Will a Nintendo Switch Thermal Paste Mod Improve Battery Life? Let’s find out!

So here’s a story where I risk damaging my brand new shiny Nintendo Switch for the sake of science. I wanted to see if improving the cooling of the Switch will improve battery life. Here’s the mod and what I did to test it.

The Switch is a fantastic new system with a unique design as a handheld and console. Because of the high performance and slim design, the Switch uses a fan to cool itself, just like a laptop. While in portable mode, the fan runs off the battery, so my reasoning was that if the fan didn’t have to run as much, how much battery life would it save?

Warning, science ahead.

So my plan was to replace the stock thermal paste with something better than whatever the manufacturer is using. For those that don’t know, thermal paste is something used in all computers, modern game consoles, laptops, and even some tablets (like the Switch). It’s used to help transfer heat from the processor or graphics chips to a heatsink or heatpipe. Usually a fan cools the heatpipe, so the heat is constantly “sucked” from the chips, through the paste, through the heatsink, and into the air, thanks to the fan.

Here’s a diagram from Gamer Nexus of how thermal paste sits between the microprocessor and the heat sink.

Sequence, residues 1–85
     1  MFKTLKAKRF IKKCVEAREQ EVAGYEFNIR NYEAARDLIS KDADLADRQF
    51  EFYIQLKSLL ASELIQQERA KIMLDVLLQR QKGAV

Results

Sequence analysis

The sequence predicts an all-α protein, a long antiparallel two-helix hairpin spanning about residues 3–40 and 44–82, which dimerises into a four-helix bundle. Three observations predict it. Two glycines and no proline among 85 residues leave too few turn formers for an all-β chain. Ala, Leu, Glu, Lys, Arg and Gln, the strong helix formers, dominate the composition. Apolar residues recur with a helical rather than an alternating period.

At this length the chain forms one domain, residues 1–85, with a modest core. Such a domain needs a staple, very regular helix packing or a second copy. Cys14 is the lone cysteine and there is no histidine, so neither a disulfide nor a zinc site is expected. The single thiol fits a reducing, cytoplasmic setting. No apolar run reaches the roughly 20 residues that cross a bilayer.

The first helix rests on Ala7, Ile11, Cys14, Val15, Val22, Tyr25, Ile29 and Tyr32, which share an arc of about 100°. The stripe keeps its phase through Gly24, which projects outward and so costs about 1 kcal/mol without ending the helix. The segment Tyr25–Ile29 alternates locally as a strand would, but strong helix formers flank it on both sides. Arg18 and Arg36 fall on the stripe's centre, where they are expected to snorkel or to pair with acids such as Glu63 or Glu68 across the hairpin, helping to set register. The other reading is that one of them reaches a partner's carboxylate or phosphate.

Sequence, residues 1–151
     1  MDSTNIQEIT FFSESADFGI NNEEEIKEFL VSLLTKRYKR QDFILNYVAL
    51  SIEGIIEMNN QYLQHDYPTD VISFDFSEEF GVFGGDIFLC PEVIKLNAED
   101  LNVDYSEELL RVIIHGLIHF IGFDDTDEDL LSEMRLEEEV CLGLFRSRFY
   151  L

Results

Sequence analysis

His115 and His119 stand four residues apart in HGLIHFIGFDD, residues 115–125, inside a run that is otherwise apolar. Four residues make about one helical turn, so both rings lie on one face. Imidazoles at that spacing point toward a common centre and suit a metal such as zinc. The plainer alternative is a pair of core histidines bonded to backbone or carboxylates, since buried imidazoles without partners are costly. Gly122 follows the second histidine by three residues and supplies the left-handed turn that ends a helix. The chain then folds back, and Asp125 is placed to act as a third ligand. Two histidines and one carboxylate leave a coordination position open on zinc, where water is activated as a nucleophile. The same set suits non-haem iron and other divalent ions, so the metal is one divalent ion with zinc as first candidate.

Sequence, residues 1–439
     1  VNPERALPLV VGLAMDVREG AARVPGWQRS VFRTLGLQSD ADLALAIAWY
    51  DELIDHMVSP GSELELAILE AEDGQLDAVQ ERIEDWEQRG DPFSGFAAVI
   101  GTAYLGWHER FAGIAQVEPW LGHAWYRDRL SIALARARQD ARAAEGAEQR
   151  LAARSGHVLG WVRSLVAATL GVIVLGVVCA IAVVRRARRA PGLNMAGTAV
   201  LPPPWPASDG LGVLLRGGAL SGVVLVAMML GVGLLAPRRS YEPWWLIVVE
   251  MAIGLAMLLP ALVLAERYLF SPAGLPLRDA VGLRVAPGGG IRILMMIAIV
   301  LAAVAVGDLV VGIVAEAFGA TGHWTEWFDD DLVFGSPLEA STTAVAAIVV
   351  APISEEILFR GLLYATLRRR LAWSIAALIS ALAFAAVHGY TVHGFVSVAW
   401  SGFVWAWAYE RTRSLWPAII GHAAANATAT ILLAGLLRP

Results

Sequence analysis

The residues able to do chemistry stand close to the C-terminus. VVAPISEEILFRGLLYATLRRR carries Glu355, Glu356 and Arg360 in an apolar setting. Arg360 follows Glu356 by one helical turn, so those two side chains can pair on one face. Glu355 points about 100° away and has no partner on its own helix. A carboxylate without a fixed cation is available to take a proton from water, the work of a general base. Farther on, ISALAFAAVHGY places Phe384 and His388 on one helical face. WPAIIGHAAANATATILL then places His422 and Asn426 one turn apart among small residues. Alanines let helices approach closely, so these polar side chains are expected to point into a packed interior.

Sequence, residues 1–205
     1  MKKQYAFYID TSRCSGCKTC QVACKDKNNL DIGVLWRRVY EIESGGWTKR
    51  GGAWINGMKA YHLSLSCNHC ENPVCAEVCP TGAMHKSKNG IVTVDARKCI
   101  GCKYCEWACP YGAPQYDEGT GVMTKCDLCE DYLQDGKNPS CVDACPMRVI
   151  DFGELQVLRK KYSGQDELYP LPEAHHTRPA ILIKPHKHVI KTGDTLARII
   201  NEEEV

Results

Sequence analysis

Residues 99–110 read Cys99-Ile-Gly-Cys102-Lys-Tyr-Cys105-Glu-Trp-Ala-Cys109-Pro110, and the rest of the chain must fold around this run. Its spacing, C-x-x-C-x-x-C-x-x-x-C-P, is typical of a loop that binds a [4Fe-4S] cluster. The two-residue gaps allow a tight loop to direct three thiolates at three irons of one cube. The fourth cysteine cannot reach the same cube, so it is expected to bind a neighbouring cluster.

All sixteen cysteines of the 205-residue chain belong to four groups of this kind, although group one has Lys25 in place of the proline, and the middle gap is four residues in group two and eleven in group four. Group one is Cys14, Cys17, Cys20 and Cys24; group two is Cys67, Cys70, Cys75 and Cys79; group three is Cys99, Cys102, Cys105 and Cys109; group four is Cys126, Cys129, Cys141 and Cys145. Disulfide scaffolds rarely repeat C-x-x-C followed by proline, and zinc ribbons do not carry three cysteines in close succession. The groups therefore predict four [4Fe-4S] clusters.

But most manufacturers use cheap thermal paste that gets the job done, but could still be improved on. So by using some high quality paste, the heat may transfer more easily, and the fan may not have to run as much to cool the chips. And less fan = more battery. At least in theory.

With the help of iFixIt and Ben Heck, I thought I had enough confidence to attempt to disassemble my Switch and replace the stock paste with some high performance paste from Thermal Grizzly.

The paste I used was Thermal Grizzly Kryonaut. This is some of the top rated stuff for thermal performance. I’ll post a link below.

 

How to replace the thermal paste in the Nintendo Switch

So to do the mod, the first thing you have to do is open the switch. You’ll need your trusty tri-wing screwdriver to take the back panel off. Yes, these are the same tri-wings Nintendo has been using since the GameBoy.

Note, before you start, turn the Switch off. Make sure it is really off, and not in standby. When it’s definitely off, remove the MicroSD card, and any game cartridges.

Place the Switch face down on a soft surface, such as a folded towel so that the screen isn’t scratched.

Undo the screws on the back. Take note that there’s one hiding behind the kickstand.

Inside the Switch. You can see the MicroSD card reader on the bottom left, and the fan in the middle.

The next step is to remove the MicroSD card reader. The top ribbon pulls straight out of the board, but you need to be careful. Like, really, really, careful.

You can see here where the ribbon connects to the main board.

Remove the screws holding the large metal shield in place. It may take a little bit of force to remove, since there will be some old thermal paste stuck to it.

With the shield removed, you can see the globs of paste that was stuck between the shield and the heatpipe (that strip of copper). Interestingly, this isn’t where thermal paste usually goes, as it’s usually only on the side of the heatpipe touching the processor.